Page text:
For the real task of the War of Ideas, lone students popping up in Cincinnati, or a few people e-mailing their representatives here and there, or wise guys like me blogging, is simply not enough. We desperately, grimly, urgently need the AIM: The
Anti-Islamic Manual.

2 comments:

Nobody said...

Another point that I noted, but was largely missed, was that this is about a Saudi, which is usually the easiest, rather than the toughest case to make about Islamic fanaticism. All the examples in that list - churches or evangelism in Saudi Arabia, inclusion of polytheistic religions in interfaith dialogs, et al are Saudi specific facts that an Islamic apologist from elsewhere could easily point out as being absent in his/her own country. An Egyptian could point out that it's not against the law to build churches in Egypt, and one would then have to painstakingly point out how if Copts tried doing that, they'd be confronted not by the law, but by the Muslim Brotherhood and mainstream Egyptian Muslims. And while it's true that stoning for adultery may not exist in, say, Pakistan, vigilante alternatives like honor killings make up for that. However, had a Muslim apologist from Pakistan been speaking, he'd have had a field day equating say, honor killings with killings in the West.

Fact is that while the Saudis are brazen about their intolerance given Mohammed's dictate about non-Islamic religions in Arabia, the others are more subtle in the way they suppress Infidels. Things like Egyptian or Indonesian persecution of Christians, Malaysian posthumous conversions and persecution of those violating Islamic law re: 'khalwat' (close proximity), etc are less well known. I wonder whether the AIM - the way we defined its scope - would have addressed such arcane cases that one might pull up to demonstrate the innocuousness of Islam, but I do agree with you that in this case, it would well have been needed.

Erich said...

nobody,

I agree about the Saudi angle skewing the whole thing. It's the problem of people narrowing their focus to instances of "extremism" in Islam, rather than widening their view to Islam itself -- in this case, too many people will dismiss this Muslim taqiyyist as a "Wahhabi" Muslim not representative of the vast wonderful mosaic of Muslims around the world.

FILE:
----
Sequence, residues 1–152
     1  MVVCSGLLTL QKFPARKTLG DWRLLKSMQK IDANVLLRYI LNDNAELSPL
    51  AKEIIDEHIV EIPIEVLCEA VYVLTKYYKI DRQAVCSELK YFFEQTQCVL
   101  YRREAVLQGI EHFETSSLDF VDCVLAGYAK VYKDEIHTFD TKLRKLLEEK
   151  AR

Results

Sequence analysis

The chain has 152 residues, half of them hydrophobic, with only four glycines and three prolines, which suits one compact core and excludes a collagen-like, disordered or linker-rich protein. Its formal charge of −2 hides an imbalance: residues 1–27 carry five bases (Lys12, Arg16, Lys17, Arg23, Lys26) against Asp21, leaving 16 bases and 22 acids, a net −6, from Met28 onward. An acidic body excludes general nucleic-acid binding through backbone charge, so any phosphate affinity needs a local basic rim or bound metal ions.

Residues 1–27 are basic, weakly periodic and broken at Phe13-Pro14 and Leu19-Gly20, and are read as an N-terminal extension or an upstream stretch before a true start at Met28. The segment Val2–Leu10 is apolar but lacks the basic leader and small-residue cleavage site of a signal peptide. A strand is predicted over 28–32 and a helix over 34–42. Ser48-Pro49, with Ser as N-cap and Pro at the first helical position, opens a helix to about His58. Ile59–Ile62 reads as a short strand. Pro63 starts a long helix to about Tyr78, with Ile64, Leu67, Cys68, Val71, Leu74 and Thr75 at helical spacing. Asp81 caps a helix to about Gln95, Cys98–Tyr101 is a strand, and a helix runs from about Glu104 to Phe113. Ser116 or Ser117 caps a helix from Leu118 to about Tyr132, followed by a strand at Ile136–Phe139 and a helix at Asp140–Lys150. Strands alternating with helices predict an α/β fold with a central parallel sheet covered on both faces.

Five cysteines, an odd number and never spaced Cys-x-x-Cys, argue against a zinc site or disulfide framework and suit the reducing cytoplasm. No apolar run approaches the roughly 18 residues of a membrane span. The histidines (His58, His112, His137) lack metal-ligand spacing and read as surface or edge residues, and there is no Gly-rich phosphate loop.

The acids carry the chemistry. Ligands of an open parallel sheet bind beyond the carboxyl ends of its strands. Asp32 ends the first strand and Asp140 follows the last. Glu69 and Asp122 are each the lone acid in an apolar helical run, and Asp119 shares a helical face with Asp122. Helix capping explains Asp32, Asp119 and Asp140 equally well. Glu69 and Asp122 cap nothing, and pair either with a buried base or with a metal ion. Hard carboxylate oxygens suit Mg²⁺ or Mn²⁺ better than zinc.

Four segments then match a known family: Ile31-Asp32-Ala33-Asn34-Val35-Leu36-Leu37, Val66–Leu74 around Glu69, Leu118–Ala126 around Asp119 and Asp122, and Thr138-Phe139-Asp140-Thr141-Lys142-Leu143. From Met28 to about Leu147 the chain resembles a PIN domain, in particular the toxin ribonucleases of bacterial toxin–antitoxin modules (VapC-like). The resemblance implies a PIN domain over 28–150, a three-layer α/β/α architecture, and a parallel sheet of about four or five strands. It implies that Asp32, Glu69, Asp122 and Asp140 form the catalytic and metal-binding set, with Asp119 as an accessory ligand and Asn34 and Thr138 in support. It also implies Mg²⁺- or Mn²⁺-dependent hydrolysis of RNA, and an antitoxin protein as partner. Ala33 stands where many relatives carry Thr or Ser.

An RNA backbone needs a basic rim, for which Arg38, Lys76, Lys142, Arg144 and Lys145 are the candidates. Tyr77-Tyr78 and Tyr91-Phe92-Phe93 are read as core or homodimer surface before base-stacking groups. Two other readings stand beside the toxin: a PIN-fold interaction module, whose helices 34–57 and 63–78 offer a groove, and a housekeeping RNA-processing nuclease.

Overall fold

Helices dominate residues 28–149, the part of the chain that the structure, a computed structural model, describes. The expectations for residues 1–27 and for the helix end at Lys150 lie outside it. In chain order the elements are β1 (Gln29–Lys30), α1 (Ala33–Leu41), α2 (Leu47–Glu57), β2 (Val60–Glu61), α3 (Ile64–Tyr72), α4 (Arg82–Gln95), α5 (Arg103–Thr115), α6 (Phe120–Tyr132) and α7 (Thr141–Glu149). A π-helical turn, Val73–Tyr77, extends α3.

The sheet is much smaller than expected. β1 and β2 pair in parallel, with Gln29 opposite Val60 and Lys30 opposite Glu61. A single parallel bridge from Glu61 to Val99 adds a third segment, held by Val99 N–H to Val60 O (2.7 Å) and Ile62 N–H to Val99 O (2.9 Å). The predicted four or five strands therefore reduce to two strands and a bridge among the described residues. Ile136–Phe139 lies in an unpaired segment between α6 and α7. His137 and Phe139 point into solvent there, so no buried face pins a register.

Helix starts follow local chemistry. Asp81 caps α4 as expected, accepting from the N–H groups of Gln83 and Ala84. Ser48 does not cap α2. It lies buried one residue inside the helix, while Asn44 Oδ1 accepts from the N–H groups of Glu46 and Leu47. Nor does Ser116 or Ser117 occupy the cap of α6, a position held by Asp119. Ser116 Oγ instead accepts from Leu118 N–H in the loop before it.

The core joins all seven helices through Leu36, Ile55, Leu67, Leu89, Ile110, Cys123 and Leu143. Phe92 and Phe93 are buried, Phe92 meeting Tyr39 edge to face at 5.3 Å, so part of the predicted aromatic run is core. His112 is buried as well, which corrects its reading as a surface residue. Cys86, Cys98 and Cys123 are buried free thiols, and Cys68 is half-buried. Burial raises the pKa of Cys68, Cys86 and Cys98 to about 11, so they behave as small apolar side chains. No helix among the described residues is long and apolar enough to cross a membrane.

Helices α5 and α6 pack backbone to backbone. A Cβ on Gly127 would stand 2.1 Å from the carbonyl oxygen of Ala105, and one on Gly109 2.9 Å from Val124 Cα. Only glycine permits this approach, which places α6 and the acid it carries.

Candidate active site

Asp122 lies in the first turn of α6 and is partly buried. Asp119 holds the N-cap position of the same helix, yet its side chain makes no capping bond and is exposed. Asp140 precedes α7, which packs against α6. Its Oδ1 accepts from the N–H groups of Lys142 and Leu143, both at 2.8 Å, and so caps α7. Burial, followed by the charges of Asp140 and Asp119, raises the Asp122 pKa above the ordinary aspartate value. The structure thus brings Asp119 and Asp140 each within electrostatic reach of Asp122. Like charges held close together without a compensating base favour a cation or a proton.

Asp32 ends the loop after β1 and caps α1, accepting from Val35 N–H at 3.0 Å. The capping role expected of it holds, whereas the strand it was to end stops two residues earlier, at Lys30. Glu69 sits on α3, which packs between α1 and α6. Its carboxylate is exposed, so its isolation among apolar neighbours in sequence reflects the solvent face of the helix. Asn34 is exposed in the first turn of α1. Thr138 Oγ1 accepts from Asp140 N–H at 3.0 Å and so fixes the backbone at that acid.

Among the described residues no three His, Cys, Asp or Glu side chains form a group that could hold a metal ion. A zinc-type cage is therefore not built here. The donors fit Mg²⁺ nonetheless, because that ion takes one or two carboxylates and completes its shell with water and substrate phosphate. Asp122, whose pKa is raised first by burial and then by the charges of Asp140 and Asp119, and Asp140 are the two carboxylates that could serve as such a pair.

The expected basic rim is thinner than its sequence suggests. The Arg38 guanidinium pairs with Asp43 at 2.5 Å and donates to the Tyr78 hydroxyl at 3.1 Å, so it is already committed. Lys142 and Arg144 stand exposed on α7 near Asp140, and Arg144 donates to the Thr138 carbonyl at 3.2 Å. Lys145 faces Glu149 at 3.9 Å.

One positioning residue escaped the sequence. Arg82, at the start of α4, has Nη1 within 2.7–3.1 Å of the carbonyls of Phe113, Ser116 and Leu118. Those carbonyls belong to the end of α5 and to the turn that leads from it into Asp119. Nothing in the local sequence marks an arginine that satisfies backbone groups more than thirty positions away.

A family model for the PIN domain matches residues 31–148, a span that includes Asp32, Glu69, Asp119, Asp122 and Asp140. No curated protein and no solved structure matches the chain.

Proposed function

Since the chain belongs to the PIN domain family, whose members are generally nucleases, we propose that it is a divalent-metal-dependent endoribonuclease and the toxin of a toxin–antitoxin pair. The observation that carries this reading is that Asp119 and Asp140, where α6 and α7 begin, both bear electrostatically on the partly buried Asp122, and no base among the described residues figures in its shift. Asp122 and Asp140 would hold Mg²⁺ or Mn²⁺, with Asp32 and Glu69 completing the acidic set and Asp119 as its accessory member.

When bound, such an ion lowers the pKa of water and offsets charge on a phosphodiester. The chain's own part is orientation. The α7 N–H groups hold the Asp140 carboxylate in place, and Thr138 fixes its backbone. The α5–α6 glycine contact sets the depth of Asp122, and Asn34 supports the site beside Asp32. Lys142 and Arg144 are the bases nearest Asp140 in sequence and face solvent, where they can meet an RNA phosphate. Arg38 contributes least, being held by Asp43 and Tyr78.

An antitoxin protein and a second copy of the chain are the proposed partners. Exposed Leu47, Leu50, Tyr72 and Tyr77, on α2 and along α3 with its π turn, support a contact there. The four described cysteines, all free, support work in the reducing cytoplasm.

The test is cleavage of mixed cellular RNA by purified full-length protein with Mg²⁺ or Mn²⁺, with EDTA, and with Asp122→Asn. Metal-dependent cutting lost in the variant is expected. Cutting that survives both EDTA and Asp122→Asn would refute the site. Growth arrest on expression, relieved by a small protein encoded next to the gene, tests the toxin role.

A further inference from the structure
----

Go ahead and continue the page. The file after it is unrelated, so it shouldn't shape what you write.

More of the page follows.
And that is why, as your points about other Muslim polities outside Saudi Arabia demonstrate, we need an Anti-Islamic Manual (AIM). In a sense, as you imply, this law student and his friends had a very easy target. As Hugh Fitzgerald wrote in a later comment on that thread --

"The further information shows that this speaker was unacquainted with Western audiences and Western ways, and so had not had time to perfect his taqiyya-and-tu-quoque (compare Tariq Ramadan). He spoke, that is, more or less the truth, when asked about certain tenets of Islam (e.g. the death penalty for apostates). He hadn't yet been schooled in the wiles-and-smiles Academy of Interfaith Outreach."

One wonders, would the law student and his friends been able to muster a second line of defense with a more skilled taqiyyist?

The whole point and value of the AIM, however, would render such questions and concerns obsolete. Armed with the AIM, anyone could go to any Q-&-A anywhere, and challenge and refute virtually all of the points and counterpoints uttered by any Islam Apologist (whether a Muslim or a PC defender of Islam).

Of course, "arming" oneself with the AIM would require familiarizing oneself with the contents of the AIM first: in real-time confrontations with Islam Apologists, one must have studied the AIM beforehand. But while this entails some labor and time, it is minuscule compared with the vast amount of labor and time it takes to go slogging through the bewildering jungle of too much information out there about Islam that is our current predicament. And after that circumscribed amount of time and labor one would invest in the AIM, it would pay off: one would have at one's fingertips virtually all of the requisite points and counterpoints to refute and expose any Islam Apologist who dares to rear his or her head in any venue -- whether in a casual conversation in a cafe or at a family dinner, whether in an Internet discussion forum or chat room, whether at a Q-&-A session following a public speaker's presentation, whether in letters to editors or congressmen, whether in public debates with Islam Apologists on the Internet, the radio, television or before live audiences; or whether, God willing the public awareness reaches this point soon, in Congressional testimonies or International conferences on the subject.